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    Vision and Eye Problems in Aging Adults

    There are several eye problems that become more common among people as they age, although they can affect anyone at any age. They include:

    • Presbyopia. This is the loss of the ability to clearly see close objects or small print. It is a normal process that happens slowly over a lifetime, but you may not notice any change until around age 40. Presbyopia is often corrected with reading glasses and contacts.
    • Floaters. These are tiny spots or specks that float across the field of vision. Most people notice them in well-lit rooms or outdoors on a bright day. Floaters often are normal, but they can sometimes indicate a more serious eye problem, such as retinal detachment, especially if they are accompanied by light flashes. If you notice a sudden change in the type or number of spots or flashes you see, visit your eye doctor as soon as possible.
    • Dry eyes. This happens when tear glands cannot make enough tears or produce poor quality tears. Dry eyes can be uncomfortable, causing itching, burning, redness, or rarely, some loss of vision. Your eye doctor may suggest using a humidifier in your home or special eye drops that simulate real tears. Tear duct plugs, prescription eye drops or surgery may be needed in more serious cases of dry eyes.
    • Tearing. Having too many tears can come from being sensitive to light, wind, or temperature changes. Protecting your eyes by shielding them or wearing sunglasses can sometimes solve the problem. Tearing may also mean that you have a more serious problem, such as an eye infection or a blocked tear duct. Your eye doctor can treat or correct both of these conditions.
    • Cataracts. Cataracts are cloudy areas that cover part of or the entire lens inside the eye. In a healthy eye, the lens is clear like a camera lens; light has no problem passing through it to the back of the eye to the retina where images are processed. When a cataract is present, the light cannot get through the lens as easily and, as a result, vision can be impaired. Cataracts often form slowly, without pain, redness, or tearing in the eye. Some stay small and do not alter eyesight. If they become large or thick, cataracts can usually be removed by surgery.
    • Glaucoma. This condition develops when there is too much fluid pressure inside the eye. It occurs when the normal flow of the watery fluid between the cornea and the lens of the eye is blocked. If not treated early, this can lead to permanent vision loss and blindness. Glaucoma is less commonly caused by other factors such as injury to the eye, severe eye infection, blockage of blood vessels, or inflammatory disorders of the eye. Because most people with glaucoma have no early symptoms or pain, it is very important to get your eyes checked by an eye doctor regularly. Treatment may include prescription eye drops, oral medications, or surgery.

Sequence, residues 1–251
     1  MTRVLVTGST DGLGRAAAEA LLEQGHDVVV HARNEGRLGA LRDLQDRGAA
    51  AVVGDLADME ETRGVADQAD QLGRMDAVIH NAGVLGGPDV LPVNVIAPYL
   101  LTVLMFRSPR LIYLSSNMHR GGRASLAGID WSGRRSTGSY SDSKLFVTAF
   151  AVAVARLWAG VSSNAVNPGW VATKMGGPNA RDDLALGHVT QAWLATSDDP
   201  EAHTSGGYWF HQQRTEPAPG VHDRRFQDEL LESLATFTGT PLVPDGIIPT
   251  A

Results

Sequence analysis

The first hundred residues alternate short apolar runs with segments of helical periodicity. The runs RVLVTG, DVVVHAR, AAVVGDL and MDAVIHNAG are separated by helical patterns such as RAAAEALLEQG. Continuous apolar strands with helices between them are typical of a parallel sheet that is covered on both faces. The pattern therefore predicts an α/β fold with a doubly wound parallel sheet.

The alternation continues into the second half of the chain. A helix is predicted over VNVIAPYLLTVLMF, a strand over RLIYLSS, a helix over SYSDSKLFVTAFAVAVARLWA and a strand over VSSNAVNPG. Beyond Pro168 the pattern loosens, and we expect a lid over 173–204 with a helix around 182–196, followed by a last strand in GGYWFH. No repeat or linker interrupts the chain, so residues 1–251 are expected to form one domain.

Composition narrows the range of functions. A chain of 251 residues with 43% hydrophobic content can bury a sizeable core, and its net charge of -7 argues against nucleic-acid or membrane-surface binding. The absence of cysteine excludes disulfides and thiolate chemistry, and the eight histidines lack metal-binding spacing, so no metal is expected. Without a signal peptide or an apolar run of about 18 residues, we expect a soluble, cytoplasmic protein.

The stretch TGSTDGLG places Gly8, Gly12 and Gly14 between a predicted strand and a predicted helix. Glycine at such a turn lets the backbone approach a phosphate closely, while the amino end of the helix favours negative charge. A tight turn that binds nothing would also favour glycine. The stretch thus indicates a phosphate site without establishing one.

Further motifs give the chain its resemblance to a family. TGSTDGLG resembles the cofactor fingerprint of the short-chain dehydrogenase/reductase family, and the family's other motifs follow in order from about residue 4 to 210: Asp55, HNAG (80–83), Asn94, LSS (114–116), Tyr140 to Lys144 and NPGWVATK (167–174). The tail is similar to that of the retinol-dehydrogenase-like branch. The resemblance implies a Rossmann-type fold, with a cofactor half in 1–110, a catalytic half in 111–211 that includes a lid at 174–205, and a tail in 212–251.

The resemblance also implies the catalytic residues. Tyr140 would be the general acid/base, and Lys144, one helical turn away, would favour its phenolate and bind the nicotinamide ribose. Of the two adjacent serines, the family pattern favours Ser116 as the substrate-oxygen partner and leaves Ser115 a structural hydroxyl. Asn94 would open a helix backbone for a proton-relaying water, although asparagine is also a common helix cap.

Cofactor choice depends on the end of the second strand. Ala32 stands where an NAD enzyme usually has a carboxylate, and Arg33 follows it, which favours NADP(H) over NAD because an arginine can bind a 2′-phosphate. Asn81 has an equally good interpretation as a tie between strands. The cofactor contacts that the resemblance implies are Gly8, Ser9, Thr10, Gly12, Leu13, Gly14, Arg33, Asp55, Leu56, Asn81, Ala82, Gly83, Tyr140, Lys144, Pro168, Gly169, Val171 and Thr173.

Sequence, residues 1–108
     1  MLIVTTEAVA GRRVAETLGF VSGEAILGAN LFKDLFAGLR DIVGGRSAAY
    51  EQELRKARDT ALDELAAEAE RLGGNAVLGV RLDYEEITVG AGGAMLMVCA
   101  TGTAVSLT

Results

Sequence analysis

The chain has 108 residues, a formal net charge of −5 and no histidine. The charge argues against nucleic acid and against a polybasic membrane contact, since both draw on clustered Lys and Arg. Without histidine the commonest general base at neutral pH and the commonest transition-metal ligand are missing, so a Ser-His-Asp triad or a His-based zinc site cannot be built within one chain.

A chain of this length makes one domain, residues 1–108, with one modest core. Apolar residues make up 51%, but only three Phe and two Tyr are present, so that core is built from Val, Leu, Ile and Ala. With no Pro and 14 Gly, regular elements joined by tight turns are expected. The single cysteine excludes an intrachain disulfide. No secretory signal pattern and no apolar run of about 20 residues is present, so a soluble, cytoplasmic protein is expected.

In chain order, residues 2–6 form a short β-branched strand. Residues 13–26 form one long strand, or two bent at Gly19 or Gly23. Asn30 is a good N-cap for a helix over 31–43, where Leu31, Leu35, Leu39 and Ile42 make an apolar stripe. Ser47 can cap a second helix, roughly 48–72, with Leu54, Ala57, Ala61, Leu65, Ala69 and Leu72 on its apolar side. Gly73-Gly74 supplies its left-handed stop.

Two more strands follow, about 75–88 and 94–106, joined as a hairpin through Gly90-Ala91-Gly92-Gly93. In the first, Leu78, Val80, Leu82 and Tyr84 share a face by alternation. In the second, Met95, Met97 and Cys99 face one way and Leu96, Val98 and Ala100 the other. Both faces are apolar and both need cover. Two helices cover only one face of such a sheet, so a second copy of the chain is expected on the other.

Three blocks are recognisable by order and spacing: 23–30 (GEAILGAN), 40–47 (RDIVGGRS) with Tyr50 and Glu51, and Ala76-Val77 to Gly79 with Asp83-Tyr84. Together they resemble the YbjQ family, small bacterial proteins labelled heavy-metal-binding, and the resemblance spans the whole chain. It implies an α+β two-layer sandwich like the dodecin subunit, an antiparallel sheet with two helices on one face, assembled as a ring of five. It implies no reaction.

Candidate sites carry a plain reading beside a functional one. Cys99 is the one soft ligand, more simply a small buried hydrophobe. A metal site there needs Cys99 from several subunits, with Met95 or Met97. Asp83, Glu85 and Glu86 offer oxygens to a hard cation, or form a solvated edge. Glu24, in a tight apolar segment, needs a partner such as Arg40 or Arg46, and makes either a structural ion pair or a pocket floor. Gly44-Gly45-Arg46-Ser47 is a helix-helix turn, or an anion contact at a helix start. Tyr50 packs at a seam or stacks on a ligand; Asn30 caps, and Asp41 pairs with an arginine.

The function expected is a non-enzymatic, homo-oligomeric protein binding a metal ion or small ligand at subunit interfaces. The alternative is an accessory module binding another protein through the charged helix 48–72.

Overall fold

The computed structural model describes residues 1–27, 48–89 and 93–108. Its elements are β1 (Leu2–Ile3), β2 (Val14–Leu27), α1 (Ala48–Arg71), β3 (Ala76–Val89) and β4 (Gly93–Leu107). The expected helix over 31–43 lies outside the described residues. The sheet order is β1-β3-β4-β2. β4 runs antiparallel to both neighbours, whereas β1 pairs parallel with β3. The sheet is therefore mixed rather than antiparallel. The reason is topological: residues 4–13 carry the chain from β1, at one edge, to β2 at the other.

• Retinal disorders. The retina is a thin lining on the back of the eye made up of cells that collect visual images and pass them on to the brain. Retinal disorders interrupt this transfer of images. They include age-related macular degeneration, diabetic retinopathy, retinal vessel occlusions, and retinal detachment. Early diagnosis and treatment of these conditions is important to maintain vision.
    • Conjunctivitis. This is a condition in which the tissue that lines the eyelids and covers the eyeball becomes inflamed. It is sometimes called "pinkeye." It can cause redness, itching, burning, tearing, or a feeling of something in the eye. Conjunctivitis occurs in people of all ages and can be caused by infection, exposure to chemicals and irritants, or allergies.
    • Corneal diseases. The cornea is the clear, dome-shaped "window" at the front of the eye. It helps to focus light that enters the eye. Disease, infection, injury, and exposure to toxic agents can damage the cornea causing pain, redness, watery eyes, reduced vision, or a halo effect. Treatments include making adjustments to the eyeglass prescription, using medicated eye drops, or having surgery.
    • Eyelid problems. The eyelids protect the eye, distribute tears, and limit the amount of light entering the eye. Pain, itching, and tearing are common symptoms of eyelid problems. Other problems may include drooping eyelids, blinking spasms, or inflamed outer edges of the eyelids near the eyelashes. Eyelid problems often can be treated with medication or surgery.
    • Temporal arteritis. This condition involves inflammation and blockage of arteries, including those in the temple area of the forehead. It can begin with a severe headache, pain when chewing, and tenderness in the temple area. It may be followed in a few weeks by sudden vision loss in one eye. Other symptoms can include joint pain, weight loss, and low-grade fever. Scientists think the cause of temporal arteritis is an impaired immune system. Blindness often follows shortly afterwards in the second eye. Early diagnosis and treatment with medication can help prevent vision loss in one or both eyes. Sudden vision loss in one or both eyes is always an emergency.

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